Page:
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Serge Ibaka
Derick E. Hingle-USA TODAY Sports

Serge Ibaka
Derick E. Hingle-USA TODAY Sports

Serge Ibaka‘s absence during Game 1 of the Western Conference Finals was extremely noticeable.

The San Antonio Spurs scored 66 points in the paint against the Oklahoma City Thunder, which was missing its premier rim protector during the 122-105 series-opening loss Monday night.

Fear not. The shot-blocker is optimistic he’ll return to the court.

Despite being ruled out of the playoffs due to a lower leg injury, Ibaka is willing to play through the pain and is considering starting some stationary shooting later on this week, according to Yahoo! Sports.

Far from the beginnings of these Western Conference finals, far from these unfortified Oklahoma City Thunder, Serge Ibaka is defiant and determined for the world to witness his Willis Reed moment. Ibaka, so proud, so professional, is respectively raging against his injury diagnosis.

Ibaka is back in Oklahoma City for Games 1 and 2 – ruled out of the playoffs with a lower leg injury – but his willingness to play with pain, his loyalty to the championship cause, has him thinking about starting some stationary shooting late this week, a league source told Yahoo Sports on Monday.

But while Ibaka believes he can make the improbable a reality, his coach, Scott Brooks, reiterated after the Game 1 loss that the team does not expect Ibaka back for the remainder of the series.

His sentiment was echoed by league MVP Kevin Durant.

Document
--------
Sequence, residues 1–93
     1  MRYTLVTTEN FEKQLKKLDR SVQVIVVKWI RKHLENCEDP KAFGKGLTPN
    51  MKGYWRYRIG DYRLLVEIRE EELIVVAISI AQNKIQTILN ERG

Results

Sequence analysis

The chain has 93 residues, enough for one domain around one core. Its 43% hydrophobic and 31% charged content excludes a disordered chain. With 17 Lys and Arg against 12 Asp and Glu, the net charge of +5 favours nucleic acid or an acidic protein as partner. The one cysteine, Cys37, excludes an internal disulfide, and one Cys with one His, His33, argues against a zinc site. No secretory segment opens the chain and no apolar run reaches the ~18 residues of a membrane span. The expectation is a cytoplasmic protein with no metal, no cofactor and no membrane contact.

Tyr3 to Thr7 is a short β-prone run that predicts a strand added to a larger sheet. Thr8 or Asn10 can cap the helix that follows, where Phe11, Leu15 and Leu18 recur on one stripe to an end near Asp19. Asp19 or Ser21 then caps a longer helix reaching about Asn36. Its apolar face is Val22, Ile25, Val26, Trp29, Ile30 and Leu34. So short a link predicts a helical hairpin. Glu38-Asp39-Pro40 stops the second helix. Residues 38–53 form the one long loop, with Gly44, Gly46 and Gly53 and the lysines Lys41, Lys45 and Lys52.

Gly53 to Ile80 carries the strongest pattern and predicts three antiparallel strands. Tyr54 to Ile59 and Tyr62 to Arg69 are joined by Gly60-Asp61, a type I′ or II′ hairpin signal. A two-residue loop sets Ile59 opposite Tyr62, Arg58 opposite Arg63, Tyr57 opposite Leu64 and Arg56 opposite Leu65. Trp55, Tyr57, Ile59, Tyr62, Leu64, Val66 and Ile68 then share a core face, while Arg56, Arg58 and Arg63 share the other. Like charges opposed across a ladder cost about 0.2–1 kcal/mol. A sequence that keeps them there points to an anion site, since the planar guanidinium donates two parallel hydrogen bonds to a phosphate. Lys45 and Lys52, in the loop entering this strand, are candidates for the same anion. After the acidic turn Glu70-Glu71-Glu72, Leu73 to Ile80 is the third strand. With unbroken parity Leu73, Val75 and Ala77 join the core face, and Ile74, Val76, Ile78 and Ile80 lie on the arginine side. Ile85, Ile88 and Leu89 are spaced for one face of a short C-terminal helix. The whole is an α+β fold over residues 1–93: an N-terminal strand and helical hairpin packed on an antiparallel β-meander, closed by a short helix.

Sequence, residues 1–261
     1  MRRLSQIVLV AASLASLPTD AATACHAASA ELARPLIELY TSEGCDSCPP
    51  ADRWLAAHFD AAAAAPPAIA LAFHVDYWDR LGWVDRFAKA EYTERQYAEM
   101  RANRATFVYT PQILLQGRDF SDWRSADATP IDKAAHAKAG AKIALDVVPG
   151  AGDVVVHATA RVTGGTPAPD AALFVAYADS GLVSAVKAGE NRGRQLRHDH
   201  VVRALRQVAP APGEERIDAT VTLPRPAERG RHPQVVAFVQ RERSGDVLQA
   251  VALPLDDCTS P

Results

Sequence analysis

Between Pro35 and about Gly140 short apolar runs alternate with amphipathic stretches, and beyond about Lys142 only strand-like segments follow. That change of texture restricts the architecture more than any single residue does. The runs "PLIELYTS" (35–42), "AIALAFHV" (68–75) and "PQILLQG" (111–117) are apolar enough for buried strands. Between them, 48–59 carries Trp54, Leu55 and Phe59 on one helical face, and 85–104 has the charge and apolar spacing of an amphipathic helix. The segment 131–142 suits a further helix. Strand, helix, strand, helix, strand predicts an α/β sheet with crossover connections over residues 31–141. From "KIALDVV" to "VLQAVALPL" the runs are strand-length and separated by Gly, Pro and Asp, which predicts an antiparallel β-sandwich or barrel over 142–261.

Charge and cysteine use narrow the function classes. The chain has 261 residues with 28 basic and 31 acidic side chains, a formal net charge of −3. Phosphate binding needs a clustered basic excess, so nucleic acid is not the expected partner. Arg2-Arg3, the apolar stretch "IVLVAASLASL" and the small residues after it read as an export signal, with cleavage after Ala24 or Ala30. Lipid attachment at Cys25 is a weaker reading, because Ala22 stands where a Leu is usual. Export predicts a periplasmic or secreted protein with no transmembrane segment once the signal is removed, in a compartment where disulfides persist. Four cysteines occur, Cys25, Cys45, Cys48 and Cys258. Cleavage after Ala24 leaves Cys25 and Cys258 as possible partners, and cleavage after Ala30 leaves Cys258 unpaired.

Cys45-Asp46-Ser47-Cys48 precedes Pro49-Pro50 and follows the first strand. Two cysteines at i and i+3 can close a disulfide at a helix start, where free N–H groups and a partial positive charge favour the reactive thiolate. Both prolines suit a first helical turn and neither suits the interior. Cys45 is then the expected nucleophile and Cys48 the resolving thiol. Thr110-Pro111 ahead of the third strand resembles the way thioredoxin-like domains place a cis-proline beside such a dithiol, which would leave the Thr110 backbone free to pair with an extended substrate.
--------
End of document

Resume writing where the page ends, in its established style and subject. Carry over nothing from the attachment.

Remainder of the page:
“We’re a no-excuse team. Serge is out. He’s not coming back,” Brooks said. “Contrary to what San Antonio was thinking, he’s not coming back. He’s not coming through those doors.”

“Look, Serge is not going to be here,” Durant said. “He’s injured for the rest of the postseason, so we’ve got to move past that and just keep playing as a team.”

The timetable for a possible Ibaka return may allow him to return for the NBA Finals, if the Thunder make it there. The team believes the injury would require a recovery period between one and two months.

One hope Ibaka is clinging to is that he does not have a tear in his plantaris muscle. Recovery for a tear is between 4-6 weeks, followed by another 2-4 weeks after the swelling subsides in which the patient walks with only a mild limp.

If the Western Conference Finals lasts all seven games, it would end on June 2. If the NBA Finals start later that week, it’ll likely be over by the time Ibaka is fully healed, meaning it is a long shot for Ibaka to realistically return.